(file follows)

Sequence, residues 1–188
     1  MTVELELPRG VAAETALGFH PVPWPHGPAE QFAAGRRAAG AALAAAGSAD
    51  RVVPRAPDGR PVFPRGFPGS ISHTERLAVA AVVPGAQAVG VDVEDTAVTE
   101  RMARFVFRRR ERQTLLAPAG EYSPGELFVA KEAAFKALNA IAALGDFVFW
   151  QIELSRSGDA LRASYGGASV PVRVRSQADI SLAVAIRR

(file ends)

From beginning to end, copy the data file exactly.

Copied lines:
Sequence, residues 1–188
     1  MTVELELPRG VAAETALGFH PVPWPHGPAE QFAAGRRAAG AALAAAGSAD
    51  RVVPRAPDGR PVFPRGFPGS ISHTERLAVA AVVPGAQAVG VDVEDTAVTE
   101  RMARFVFRRR ERQTLLAPAG EYSPGELFVA KEAAFKALNA IAALGDFVFW
   151  QIELSRSGDA LRASYGGASV PVRVRSQADI SLAVAIRR